I’ve written articles for various publications most of my life, but I’ve never really done reviews before. I read a lot of reviews in newspapers and magazines and they’re probably better than mine to be honest. I’ll just start off by saying ‘Blossoms: Back To Stockport’ gets five stars straight away. I loved every minute of it, as it really does capture the spirit of that whole summer in Stockport, as well as the night in question in SK3. Yes, I’m biased, as a fan of Blossoms, Stockport and County, but even if I wasn’t, I’d still be tempted to give the documentary five stars as it’s beautifully put together, and huge credit has to go to Director Charlie Watts and Producer Luke Filz. It picked up a 4 star review from the NME, which proves it’s a decent watch. Adding on an extra star as a proud Stopfordian myself isn’t something anybody will quibble with I don’t think.
I’m fully on board with the documentary right from the very start. “I’m the lead drummer, I don’t normally get this shit,” says Joe Donovan. I know I’m going to enjoy the following hour and a half. The lads are sat in the studio, doing pieces to camera, whilst having their hair and make-up done, and it’s clear they’re not entirely comfortable with the pampering. Having met them a few times, they genuinely are still five normal young lads from Stockport, who just happen to have hit the big time through their work ethic and unique sound.
As for writing a review of the documentary, it’s something you have to check out for yourself. You’ll have a thoroughly enjoyable hour and a half, I promise, whether you’re from Stockport or not. Actually, I’d even say whether or not you’re a fan of Blossoms as well. From any viewpoint, the documentary gives a fascinating insight into the journey of the band, from a scaffolding yard in the early days, to the heights they’re at today. Here’s a few of my personal highlights from the documentary:
- Making £36 from one of their first gigs in Manchester, but only making £1 profit after getting slapped with a £35 fine because Charlie parked his van on a double yellow outside Night & Day
- A house party in Stockport to celebrate Tom’s girlfriend’s birthday with all five lads dressing up as the Spice Girls, showing their down-to-earth nature as lads you’d genuinely enjoy having a beer with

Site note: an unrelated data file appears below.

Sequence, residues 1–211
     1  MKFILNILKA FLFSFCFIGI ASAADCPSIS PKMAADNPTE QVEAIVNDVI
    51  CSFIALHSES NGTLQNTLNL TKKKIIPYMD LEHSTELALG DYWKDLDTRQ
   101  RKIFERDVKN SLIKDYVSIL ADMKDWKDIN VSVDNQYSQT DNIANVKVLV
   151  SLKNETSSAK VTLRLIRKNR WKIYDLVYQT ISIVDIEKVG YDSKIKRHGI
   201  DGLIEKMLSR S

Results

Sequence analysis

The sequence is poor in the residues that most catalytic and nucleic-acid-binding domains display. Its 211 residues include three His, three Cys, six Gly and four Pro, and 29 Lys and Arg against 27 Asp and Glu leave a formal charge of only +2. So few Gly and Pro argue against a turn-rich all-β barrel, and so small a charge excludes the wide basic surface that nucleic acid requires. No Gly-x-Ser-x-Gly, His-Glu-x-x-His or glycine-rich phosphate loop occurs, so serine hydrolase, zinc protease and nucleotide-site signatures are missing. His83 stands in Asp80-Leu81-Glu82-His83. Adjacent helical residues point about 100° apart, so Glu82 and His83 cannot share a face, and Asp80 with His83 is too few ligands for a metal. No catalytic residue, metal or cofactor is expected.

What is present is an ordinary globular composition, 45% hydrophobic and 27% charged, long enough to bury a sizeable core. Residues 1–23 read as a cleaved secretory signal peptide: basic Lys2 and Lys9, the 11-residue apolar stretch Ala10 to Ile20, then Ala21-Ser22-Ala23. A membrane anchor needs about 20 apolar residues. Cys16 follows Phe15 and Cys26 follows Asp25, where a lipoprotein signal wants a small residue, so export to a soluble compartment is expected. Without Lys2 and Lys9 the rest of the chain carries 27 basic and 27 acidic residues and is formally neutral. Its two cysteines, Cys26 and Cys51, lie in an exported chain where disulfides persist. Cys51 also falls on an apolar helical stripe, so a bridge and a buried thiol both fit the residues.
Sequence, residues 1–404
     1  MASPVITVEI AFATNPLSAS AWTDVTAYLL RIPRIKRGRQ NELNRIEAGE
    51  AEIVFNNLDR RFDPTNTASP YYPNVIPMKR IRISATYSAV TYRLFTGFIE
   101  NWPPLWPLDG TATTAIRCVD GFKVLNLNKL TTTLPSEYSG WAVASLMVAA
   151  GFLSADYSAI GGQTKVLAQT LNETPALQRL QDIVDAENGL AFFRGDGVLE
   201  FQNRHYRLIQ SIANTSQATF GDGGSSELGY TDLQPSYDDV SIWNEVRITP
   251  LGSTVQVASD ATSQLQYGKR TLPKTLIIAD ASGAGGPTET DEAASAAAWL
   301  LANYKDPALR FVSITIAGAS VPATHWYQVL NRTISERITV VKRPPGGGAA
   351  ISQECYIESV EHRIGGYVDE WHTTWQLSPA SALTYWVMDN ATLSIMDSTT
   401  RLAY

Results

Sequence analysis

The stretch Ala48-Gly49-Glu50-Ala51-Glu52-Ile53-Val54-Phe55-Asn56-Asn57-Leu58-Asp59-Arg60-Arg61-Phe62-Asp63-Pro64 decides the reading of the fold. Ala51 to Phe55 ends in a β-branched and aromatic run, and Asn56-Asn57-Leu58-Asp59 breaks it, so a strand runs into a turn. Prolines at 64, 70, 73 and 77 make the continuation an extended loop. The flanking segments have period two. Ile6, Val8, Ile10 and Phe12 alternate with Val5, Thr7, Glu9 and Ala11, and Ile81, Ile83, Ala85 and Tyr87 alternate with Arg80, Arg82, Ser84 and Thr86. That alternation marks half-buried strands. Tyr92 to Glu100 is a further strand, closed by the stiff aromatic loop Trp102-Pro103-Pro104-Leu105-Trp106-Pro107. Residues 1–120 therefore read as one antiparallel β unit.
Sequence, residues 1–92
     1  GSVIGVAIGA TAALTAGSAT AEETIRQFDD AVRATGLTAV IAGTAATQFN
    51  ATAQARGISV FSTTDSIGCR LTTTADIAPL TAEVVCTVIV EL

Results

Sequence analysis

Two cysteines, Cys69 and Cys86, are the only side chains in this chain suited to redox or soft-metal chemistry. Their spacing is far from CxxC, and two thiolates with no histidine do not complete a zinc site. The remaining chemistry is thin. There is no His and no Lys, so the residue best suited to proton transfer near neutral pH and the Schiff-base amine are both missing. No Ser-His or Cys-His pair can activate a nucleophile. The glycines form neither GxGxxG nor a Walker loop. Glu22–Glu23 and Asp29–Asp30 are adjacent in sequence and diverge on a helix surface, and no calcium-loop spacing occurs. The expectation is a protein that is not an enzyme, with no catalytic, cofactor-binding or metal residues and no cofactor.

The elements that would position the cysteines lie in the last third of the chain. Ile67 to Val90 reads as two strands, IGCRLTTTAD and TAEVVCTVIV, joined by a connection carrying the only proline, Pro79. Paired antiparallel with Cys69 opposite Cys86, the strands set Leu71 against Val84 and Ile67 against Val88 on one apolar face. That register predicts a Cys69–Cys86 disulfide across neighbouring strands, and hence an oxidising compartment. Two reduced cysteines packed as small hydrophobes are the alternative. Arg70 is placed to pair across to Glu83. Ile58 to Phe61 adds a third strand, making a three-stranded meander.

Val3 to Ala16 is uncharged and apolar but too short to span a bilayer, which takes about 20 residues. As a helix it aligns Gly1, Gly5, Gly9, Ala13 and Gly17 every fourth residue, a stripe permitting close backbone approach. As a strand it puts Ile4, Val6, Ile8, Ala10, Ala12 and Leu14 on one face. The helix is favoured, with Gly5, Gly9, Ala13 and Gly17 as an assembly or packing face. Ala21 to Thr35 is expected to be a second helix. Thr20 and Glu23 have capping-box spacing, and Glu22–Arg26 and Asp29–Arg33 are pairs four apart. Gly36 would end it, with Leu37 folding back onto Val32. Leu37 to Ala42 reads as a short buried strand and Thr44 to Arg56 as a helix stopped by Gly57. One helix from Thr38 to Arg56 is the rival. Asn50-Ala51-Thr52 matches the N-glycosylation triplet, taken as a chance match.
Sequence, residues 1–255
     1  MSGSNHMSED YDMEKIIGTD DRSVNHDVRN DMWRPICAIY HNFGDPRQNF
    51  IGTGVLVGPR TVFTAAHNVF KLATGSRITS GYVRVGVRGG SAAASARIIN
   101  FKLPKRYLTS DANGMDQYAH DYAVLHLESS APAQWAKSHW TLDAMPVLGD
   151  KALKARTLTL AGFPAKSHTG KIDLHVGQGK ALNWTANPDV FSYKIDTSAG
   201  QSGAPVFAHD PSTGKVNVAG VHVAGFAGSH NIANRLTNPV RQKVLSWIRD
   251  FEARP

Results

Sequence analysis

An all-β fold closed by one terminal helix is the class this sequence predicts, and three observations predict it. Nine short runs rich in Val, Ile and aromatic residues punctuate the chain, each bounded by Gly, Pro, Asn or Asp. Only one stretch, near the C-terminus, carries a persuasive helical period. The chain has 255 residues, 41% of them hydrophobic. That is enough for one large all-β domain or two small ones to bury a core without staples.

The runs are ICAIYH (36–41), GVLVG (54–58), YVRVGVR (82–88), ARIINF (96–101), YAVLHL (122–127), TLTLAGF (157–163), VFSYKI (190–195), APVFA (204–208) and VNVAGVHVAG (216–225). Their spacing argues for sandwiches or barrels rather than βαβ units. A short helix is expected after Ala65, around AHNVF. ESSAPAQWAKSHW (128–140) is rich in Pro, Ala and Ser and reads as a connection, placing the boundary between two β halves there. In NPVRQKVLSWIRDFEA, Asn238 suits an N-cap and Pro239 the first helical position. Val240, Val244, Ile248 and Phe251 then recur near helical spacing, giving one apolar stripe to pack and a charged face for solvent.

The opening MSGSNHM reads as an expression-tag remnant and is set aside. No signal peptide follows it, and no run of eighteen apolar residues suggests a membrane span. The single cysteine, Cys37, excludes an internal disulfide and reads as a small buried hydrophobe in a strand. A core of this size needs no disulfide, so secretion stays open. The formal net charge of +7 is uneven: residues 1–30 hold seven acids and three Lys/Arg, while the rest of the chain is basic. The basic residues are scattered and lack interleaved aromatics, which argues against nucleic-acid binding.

- Stood in the centre circle at Edgeley Park in the days leading up to the gig, clearly taking in what must have been an incredible emotional moment for them, but they still manage to show their humour as well with Joe saying he’s “shitting it” with a couple of others looking at the advertising billboards and pointing out which local companies they used to work for, Fair Price Funerals and Home Run Pizzas being two of them
There’s just three of my own highlights, with loads of others to enjoy throughout the documentary, which runs through the whole set list from the gig, as well as backstage footage, interviews with the band and plenty of other stuff, from Stockport to Japan. We all know Blossoms have got tremendous backing in Stockport, but they’re loved far beyond that as well, as the documentary shows, with one girl interviewed outside the Bobby Peel, who had flown in from Australia. Carlsberg don’t do culture shocks…..
The documentary is neatly put together, with some fantastic graphics throughout, like the ones on those old football videos from the 90s. It really is a superb piece of work, and everyone involved should take massive credit. Get rid of this sodding virus, and Tom, Joe, Charlie, Josh and Myles can treat us to another Edgeley Park gig next year hopefully. County will be back in the Football League by then as well. Now that would be a summer to look forward to.
‘Blossoms: Back To Stockport’ is available to watch now on Amazon Prime.